The experts may just be using language loosely or hyping up their creations, but this could lead to a climate of misunderstanding in those outside the domain of expertise. A strong sceptical voice might well be beneficial here, to help avoid detriment to humanity. Warfare is the most pressing issue:

Last millennium, the ethics of tactics in armed interventions (e.g. US's various wars: Vietnam, Iraq 1, etc) there has been a balancing act between minimising foreign civilian casualties, and minimising troop casualties. Shelling from a distance, of dropping bombs from on high keep your boys safe, but are significantly less discriminatory as to whom they kill. Homeland public opinion is naturally biased towards it's soldier's safe return, but there are also limits to how many collateral deaths are acceptable.

Contemporary military automation seems to be forging ahead towards zero coffins being flown home, but on the flip side is only aiming (at best) to be equally as competent as human soldiers are currently. It shouldn't be a question of whether a robotic sniper cut distinguish civilians for militants as capably as a trained person can?; we should be asking: is it really necessary to use deadly force at all, when it doesn't even keep our military personnel safer? It's no longer 1 life vs. X number of civilian casualties; with robotic troops, it's human casualties now have a direct market valuation ($X). This kind of thinking doesn't seem to factor into the arms industry's thinking enough yet. It may take a massive humanitarian outcry (from a home population) before policy makers take note.

- Elder care won't be a significant issue until anthropomorphised robots become a reality (decades off for many reasons). If the Elderly miss out on genuine human contact as a result of carer's jobs being taken over by robots, this is more likely to be a result of necessity; the 'baby boomers' will soon be reaching that age range, adding greatly to the growing burden of an ageing society.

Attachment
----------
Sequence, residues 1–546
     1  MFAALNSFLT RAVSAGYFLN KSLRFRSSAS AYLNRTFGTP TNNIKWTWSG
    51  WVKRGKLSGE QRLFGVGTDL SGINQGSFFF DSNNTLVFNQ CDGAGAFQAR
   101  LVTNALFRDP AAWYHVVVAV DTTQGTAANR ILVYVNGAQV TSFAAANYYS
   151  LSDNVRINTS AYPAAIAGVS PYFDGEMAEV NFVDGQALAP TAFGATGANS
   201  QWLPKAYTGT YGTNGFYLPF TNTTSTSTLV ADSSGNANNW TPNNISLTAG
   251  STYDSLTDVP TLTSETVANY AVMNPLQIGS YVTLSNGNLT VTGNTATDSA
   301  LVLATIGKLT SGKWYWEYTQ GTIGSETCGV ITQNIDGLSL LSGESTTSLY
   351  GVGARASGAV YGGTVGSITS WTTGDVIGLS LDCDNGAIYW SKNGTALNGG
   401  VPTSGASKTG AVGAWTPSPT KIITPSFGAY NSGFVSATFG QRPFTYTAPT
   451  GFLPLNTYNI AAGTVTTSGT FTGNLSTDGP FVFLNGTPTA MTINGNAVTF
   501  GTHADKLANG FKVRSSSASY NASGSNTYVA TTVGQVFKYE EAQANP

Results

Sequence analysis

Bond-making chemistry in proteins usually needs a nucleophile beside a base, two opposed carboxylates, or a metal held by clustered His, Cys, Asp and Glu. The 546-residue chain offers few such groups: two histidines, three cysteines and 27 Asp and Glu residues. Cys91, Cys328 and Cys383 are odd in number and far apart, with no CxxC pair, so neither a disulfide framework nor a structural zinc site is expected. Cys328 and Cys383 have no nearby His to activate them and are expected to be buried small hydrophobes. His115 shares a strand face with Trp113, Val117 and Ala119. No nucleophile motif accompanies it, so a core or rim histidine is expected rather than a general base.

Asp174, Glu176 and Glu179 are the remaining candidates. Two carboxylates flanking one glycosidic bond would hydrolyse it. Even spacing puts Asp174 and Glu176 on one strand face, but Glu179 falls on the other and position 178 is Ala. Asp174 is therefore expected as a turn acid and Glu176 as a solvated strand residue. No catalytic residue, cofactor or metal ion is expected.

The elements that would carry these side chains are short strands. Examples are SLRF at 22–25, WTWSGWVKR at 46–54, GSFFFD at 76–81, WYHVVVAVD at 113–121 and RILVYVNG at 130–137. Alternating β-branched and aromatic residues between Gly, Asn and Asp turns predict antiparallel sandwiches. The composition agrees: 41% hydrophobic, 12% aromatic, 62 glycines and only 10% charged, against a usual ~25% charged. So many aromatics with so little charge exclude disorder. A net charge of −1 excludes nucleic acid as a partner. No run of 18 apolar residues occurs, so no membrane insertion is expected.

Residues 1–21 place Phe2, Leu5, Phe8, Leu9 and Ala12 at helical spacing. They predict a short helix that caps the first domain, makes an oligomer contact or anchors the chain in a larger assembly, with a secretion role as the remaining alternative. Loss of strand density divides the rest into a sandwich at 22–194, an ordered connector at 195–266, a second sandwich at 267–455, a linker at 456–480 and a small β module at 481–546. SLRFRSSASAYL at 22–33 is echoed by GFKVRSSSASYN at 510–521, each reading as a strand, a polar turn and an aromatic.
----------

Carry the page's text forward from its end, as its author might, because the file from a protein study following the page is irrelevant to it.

- He has the “Robocup” example the wrong way around: robotics is utterly failing to match the coordination and finesse of human movement; kicking a ball accurately is a long way off (the latest Asimo can barely run on a perfectly flat surface). Strength and endurance are also major deficits of, would be, artificial players: there just aren't the materials technologies to match the combination of human muscles and biochemical energy reserves, honed over billions of years of evolution.

On the flip side, tactics are easier to define. Leaving aside the 'computer vision' systems necessary to operate a stand alone robot soccer player, I don't see any reason that an AI system could not soon obtain optimal tactics (player positioning wise) within the next 10 years, or less. This might well be achieved through a 'brute force' technique, i.e. evaluating the positions of players in every recorded football match available. More examples and detail than any human player or manager could ever hope to scrutinise. But why should this be assumed to be cheating?; in a person it would just be considered the advantage of experience.